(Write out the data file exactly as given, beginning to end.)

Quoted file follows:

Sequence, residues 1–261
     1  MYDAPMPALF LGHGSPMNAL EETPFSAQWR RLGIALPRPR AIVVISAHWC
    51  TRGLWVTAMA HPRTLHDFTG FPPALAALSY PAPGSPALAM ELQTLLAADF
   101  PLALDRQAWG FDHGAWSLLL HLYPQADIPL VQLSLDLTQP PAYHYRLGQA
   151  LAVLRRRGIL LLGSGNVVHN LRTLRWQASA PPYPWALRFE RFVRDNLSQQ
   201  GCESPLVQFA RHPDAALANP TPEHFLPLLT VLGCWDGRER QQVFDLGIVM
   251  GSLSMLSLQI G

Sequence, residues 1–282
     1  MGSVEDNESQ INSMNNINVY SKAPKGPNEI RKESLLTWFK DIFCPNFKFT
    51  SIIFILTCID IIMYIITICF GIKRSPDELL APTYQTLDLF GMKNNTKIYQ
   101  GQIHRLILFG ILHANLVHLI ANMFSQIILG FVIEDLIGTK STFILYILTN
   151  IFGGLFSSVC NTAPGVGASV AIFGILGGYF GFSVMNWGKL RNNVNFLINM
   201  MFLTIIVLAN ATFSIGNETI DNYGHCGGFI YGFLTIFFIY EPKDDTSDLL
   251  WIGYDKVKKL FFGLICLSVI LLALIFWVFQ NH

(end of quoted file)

Sequence, residues 1–261
     1  MYDAPMPALF LGHGSPMNAL EETPFSAQWR RLGIALPRPR AIVVISAHWC
    51  TRGLWVTAMA HPRTLHDFTG FPPALAALSY PAPGSPALAM ELQTLLAADF
   101  PLALDRQAWG FDHGAWSLLL HLYPQADIPL VQLSLDLTQP PAYHYRLGQA
   151  LAVLRRRGIL LLGSGNVVHN LRTLRWQASA PPYPWALRFE RFVRDNLSQQ
   201  GCESPLVQFA RHPDAALANP TPEHFLPLLT VLGCWDGRER QQVFDLGIVM
   251  GSLSMLSLQI G

Sequence, residues 1–282
     1  MGSVEDNESQ INSMNNINVY SKAPKGPNEI RKESLLTWFK DIFCPNFKFT
    51  SIIFILTCID IIMYIITICF GIKRSPDELL APTYQTLDLF GMKNNTKIYQ
   101  GQIHRLILFG ILHANLVHLI ANMFSQIILG FVIEDLIGTK STFILYILTN
   151  IFGGLFSSVC NTAPGVGASV AIFGILGGYF GFSVMNWGKL RNNVNFLINM
   201  MFLTIIVLAN ATFSIGNETI DNYGHCGGFI YGFLTIFFIY EPKDDTSDLL
   251  WIGYDKVKKL FFGLICLSVI LLALIFWVFQ NH